An open letter to the New York Times about their article, “Where Chronic Health Conditions and Coronavirus Could Collide“…
I had to abbreviate the below letter to the New York Times, but if I didn’t have to abide by a word count, this is what I would have submitted…
I want to follow up on your recent article on May 18th, “Where Chronic Health Conditions and Coronavirus Could Collide.” The authors touched on the topic of health disparity that I think deserves more attention; but they didn’t go far enough. Media needs to be more aggressive in stating that living in poverty, often rooted in racism, is the reason that certain communities suffer higher rates of health comorbidities. Inadequate housing, food insecurity, and many medical conditions that could be coined as “pathologies of inequality” (high rates of maternal death and low birth weights, high rates of asthma, obesity, and diabetes), as well as less access to quality medical care are conditions of poverty. These communities went into the coronavirus pandemic underserved and under-resourced. I believe that’s the root of the problem we need to address.
In Philadelphia, a baby born in the mostly black section of north Philadelphia will be expected to live 20 years less than a baby born in the mostly white and affluent Liberty Bell area. That’s pre-coronavirus. In America, your gender, race, zip code, and income are all factors in how healthy you can be, how long you’ll live, and now, how well you can fight off a novel virus.
I believe this virus exposed a long-standing, ugly truth: we decided that these communities were expendable long before Covid-19.
- It’s evident in our maternal mortality rate. According to a report by the CDC, among ten similarly wealthy countries, the U.S. ranks last with the highest amount of maternal deaths in 2018, and the maternal death rate for black women was more than double that of white women (37.1 deaths per 100,000 live births compared to 14.7).
- It’s evident in the lack of access to quality health care in low-income and minority neighborhoods that unsuccessfully treat chronic illnesses. Researchers from Boston University found that only 8% of white adults have multiple risk factors compared to 11% of black adults and 18% of Native American adults.
- It’s evident in decades of racist housing policies, toxic dumping, and anti-busing measures that prevent people of color from owning homes and living in areas that are not polluted, overcrowded, crime-ridden and depleted of health resources. Living in these unsafe neighborhoods cause chronic stress that ultimately leads to chronic illnesses—a fatal combination for those exposed to Coronavirus.
The unfair policies we’ve put into place, the systemic racism we’ve allowed to prevail, and our collective indifference to the disenfranchisement of minority and low-income communities ensured that many of our fellow citizens will not survive Covid-19, driving up the US death rate beyond that of any other nation.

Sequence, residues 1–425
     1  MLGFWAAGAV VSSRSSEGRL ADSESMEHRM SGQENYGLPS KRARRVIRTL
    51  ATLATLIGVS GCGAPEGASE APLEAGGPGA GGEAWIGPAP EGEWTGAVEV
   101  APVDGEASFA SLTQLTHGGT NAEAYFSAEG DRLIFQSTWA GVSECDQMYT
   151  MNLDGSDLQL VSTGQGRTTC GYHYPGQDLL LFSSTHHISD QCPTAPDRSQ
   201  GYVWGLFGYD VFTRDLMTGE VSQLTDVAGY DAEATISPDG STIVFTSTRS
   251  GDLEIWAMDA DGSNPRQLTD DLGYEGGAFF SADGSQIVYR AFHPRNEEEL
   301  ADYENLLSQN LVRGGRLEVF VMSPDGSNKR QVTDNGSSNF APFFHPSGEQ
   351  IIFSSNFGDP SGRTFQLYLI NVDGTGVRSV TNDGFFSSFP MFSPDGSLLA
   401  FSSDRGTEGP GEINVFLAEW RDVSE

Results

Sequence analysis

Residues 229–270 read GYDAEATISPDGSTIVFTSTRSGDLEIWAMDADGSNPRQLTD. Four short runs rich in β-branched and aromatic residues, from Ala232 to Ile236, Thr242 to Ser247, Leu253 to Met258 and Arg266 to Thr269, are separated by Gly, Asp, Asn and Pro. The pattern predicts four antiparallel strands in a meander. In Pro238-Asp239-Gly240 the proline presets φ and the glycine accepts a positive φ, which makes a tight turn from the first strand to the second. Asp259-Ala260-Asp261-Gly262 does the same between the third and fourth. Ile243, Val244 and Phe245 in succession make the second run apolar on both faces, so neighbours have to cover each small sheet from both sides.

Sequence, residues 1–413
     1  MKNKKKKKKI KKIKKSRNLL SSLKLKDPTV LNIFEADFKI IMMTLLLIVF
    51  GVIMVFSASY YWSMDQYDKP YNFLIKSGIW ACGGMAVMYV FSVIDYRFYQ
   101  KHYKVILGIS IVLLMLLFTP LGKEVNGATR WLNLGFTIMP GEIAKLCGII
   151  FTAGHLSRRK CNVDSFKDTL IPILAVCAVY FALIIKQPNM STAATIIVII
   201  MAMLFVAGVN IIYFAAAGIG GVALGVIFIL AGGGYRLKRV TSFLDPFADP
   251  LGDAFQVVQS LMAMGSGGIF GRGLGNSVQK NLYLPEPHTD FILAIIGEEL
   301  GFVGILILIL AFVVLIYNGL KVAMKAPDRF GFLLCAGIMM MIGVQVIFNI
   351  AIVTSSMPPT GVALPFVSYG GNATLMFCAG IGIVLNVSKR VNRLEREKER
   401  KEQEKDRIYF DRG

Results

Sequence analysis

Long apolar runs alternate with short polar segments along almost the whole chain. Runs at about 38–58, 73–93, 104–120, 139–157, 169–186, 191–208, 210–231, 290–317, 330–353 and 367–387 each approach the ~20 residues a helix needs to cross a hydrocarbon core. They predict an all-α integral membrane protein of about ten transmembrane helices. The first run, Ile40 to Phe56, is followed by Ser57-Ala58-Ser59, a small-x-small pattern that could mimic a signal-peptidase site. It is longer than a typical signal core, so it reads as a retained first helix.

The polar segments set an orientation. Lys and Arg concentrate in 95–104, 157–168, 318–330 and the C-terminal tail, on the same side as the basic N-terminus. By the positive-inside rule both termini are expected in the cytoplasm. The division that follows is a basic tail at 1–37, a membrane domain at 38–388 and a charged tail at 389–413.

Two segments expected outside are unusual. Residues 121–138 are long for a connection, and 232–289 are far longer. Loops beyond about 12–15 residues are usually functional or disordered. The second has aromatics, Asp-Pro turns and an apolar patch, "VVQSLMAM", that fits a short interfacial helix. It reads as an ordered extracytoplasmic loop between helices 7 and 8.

Personal (ir)responsibility is not the cause of the problem, though it’s much easier than admitting that systemic inequality exists and that our collective inaction and apathy are part of the problem. Every poor person knows these facts to be true. This knowledge adds to people’s frustration (and chronic stress exposure) when told that they need to work harder and pull themselves up by their bootstraps. It is not an equal playing field and the economic deck is clearly stacked against people of color.
I’m not discouraged by the scope of the problem. And I’m not afraid to call racist attitudes and inequitable policies out for what they are. I’ve written articles on the impact of Covid-19 on minority communities and how the economic divide further exacerbates the coronavirus death count in impoverished areas.
I also put my money where my mouth is. My foundation, Focus for Health, is dedicated to addressing these issues head-on. We fund small, grass-root organizations who are in the trenches of affecting change and fostering a more equal world. Our grantees are addressing disparities in various areas, including maternal health among African Americans, mental health resources for men of color in urban areas, prison reform, improving education for children of color by addressing racism in schools, providing entrepreneurship opportunities for minorities in disenfranchised communities, and more. With an increase in economic opportunity comes an improvement in overall health. If we want a strong a nation that can rebound quickly from a viral pandemic, we must invest in all communities, especially those lacking resources, so we can keep all our citizens healthy.
I’m a member of “the 1%,” and I believe that we’re only as strong as our most vulnerable communities. I encourage others with the means to start investing in our at-risk citizens. We must start seeing ourselves as one nation. Americans of different colors, nationalities, faiths, lifestyles, etc. need to be treated with the same care and dignity that we treat ourselves. We are all interconnected, and our health is intertwined. Good health should not be a luxury item reserved for a few. Countries with low income inequality have better population health outcomes; their entire population is healthier. In other words, when “they” win, we win–we ALL win in a more egalitarian society.
Founder, Focus for Health Foundation